Oct 24, 2014
Franck Marchis, Senior Research Scientist
Combining observations from the world’s largest telescopes with those from smaller instruments used by amateur astronomers, a team of scientists has discovered that the large main-belt asteroid (87) Sylvia has a complex interior. This has been deduced by using the motions of the two moons orbiting the main asteroid as probes of the object’s density distribution. The complex structure is probably linked to the way the multiple system was formed.
Description Discovery of the two moons Romulus and Remus of the asteroid (87) Sylvia
Date 24 January 2007
Adaptive Optics observations of (87) Sylvia, showing its two satellites, Remus and Romulus
The findings were announced last year at the 45th annual Division of Planetary Sciences meeting in Denver, Colorado and were published last month in the journal Icarus.
The asteroid (87) Sylvia is the first known to have two moons. One moon was discovered in 2001, and the second was found in 2005 by a team led by Franck Marchis, senior research scientist at the Carl Sagan Center of the SETI Institute. Since then, the team has continued to make new observations of the system using 8 to 10 m-class telescopes, including those at the Keck Observatory, the European Southern Observatory, and Gemini North.
(credit: Danielle Futselaar/SETI Institute).
An artist’s rendition of the triple system showing the large 270-km asteroid Sylvia surrounded by its two moons – Romulus and Remus – gives a pictorial representation of this intriguing triple system.
The differentiated interior of the asteroid is shown in a cutaway diagram. The primary asteroid may have a dense, regularly-shaped core, surrounding by fluffy or fractured material. The outer moon, named Romulus, is known to be strongly elongated, possibly having two lobes, as suggested by a recently observed occultation recorded by amateur astronomers.
“Combined observations from small and large telescopes provide a unique opportunity to understand the nature of this complex and enigmatic triple asteroid system,” Marchis said. “Thanks to the presence of these moons, we can constrain the density and interior structure of an asteroid, without the need for a spacecraft’s visit. Knowledge of the internal structure of asteroids is key to understanding how the planets of our solar system formed.”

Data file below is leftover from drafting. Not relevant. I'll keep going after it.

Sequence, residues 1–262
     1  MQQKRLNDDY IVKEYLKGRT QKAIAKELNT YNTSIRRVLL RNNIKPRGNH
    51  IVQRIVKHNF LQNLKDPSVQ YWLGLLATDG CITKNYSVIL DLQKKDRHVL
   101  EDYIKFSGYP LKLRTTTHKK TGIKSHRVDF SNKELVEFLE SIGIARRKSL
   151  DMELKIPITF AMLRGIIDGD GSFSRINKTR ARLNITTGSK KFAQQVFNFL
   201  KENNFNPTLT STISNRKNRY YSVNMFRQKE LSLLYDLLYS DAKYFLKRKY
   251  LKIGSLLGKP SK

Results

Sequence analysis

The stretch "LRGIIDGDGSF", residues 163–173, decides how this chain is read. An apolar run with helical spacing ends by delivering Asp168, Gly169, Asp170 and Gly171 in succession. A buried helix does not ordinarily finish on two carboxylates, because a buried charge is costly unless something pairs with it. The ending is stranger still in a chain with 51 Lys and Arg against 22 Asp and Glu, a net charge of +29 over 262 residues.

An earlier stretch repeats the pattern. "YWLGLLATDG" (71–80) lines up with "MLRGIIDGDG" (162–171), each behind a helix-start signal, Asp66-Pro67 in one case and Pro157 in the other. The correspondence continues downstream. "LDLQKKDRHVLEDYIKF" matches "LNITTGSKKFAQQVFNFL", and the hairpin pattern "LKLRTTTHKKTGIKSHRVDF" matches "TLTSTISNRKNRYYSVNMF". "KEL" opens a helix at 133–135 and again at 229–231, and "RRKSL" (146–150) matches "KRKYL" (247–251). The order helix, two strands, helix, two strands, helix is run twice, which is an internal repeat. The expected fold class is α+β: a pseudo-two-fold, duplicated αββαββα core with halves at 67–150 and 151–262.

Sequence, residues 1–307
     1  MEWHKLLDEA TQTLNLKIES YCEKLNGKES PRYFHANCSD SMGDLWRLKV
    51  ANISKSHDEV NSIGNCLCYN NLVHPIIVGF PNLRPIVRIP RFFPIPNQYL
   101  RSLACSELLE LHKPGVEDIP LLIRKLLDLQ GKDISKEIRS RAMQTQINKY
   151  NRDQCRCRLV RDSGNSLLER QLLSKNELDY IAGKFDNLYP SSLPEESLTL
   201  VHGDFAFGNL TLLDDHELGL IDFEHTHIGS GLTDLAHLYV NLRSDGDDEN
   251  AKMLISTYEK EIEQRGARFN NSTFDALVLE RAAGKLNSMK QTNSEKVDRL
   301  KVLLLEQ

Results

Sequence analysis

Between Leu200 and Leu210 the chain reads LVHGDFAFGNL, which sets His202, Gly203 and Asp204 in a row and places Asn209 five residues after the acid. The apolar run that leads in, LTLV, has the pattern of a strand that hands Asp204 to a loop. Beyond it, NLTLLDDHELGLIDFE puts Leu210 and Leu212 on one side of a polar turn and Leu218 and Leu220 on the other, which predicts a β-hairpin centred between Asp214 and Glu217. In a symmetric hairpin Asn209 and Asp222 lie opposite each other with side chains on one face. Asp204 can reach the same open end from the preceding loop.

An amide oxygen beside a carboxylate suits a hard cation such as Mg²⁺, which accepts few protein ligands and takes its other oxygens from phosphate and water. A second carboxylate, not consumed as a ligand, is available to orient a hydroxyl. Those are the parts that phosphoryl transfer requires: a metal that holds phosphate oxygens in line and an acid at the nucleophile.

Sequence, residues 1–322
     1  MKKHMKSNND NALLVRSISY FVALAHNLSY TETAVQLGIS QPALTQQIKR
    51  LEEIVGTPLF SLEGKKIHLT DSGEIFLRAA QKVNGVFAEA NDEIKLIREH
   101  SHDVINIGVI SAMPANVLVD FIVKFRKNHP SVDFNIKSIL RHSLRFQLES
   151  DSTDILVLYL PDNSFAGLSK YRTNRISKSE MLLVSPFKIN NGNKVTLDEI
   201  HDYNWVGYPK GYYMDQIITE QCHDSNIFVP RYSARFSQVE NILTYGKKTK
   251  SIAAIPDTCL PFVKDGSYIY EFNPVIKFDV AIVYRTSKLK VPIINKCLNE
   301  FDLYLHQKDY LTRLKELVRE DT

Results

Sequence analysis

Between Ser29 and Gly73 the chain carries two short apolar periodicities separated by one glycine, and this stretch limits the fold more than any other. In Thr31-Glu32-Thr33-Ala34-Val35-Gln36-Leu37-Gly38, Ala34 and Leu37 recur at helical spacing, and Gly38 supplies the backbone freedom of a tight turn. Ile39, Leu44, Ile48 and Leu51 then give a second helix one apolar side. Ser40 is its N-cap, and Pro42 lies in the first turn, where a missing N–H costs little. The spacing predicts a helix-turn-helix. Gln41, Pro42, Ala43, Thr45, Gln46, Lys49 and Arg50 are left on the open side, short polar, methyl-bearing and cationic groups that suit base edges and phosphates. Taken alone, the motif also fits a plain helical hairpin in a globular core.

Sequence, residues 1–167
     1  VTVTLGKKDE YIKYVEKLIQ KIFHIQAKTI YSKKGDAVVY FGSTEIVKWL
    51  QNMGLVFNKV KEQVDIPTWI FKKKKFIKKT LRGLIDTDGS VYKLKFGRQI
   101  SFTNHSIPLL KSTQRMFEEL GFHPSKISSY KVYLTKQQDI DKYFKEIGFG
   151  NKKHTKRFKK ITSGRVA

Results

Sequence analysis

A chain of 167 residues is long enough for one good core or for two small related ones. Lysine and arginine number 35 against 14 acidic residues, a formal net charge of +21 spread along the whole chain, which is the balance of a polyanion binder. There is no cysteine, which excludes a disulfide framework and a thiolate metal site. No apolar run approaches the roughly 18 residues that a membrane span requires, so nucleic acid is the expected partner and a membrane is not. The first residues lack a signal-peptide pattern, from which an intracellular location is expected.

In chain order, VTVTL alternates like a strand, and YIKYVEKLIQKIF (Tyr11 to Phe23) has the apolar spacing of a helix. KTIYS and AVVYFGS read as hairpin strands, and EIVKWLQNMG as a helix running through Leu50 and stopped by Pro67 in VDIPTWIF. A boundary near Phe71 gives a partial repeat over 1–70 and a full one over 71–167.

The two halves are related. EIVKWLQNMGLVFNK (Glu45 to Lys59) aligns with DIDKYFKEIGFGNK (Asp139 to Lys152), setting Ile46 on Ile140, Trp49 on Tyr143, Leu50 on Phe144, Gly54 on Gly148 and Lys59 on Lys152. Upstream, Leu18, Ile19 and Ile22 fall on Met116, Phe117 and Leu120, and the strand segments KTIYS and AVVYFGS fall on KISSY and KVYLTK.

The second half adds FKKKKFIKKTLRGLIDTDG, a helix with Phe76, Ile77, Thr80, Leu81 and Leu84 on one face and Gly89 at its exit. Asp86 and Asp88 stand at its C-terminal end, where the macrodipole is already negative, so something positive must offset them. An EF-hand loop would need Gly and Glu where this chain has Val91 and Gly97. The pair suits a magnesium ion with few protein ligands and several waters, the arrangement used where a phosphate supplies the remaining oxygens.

The article Physical and dynamical properties of the main belt triple Asteroid (87) Sylvia, published last month in Icarus, is co-authored by J. Berthier, F. Vachier, B. Carry from IMCCE-Obs de Paris, J. Durech from Charles University, Prague, and F. Marchis from the SETI Institute and Obs. de Paris.
Berthier, J., F. Vachier, F. Marchis, J. Ďurech, and B. Carry. 2014. Physical and Dynamical Properties of the Main Belt Triple Asteroid (87) Sylvia. Icarus 239 (September): 118–30. doi:10.1016/j.icarus.2014.05.046.
We present the analysis of high angular resolution observations of the triple Asteroid (87) Sylvia collected with three 8-10 m class telescopes (Keck, VLT, Gemini North) and the Hubble Space Telescope. The moons’ mutual orbits were derived individually using a purely Keplerian model. We computed the position of Romulus, the outer moon of the system, at the epoch of a recent stellar occultation which was successfully observed at less than 15 km from our predicted position, within the uncertainty of our model. The occultation data revealed that the Moon, with a surface-area equivalent diameter Ds=23.1±0.7km, is strongly elongated (axes ratio of 2.7±0.32.7±0.3), significantly more than single asteroids of similar size in the main-belt. We concluded that its shape is probably affected by the tides from the primary. A new shape model of the primary was calculated combining adaptive-optics observations with this occultation and 40 archived light-curves recorded since 1978. The difference between the J2=0.024-0.009+0.016 derived from the 3-D shape model assuming an homogeneous distribution of mass for the volume equivalent diameter Dv=273±10km primary and the null J2 implied by the Keplerian orbits suggests a non-homogeneous mass distribution in the asteroid’s interior.
See the full article here.
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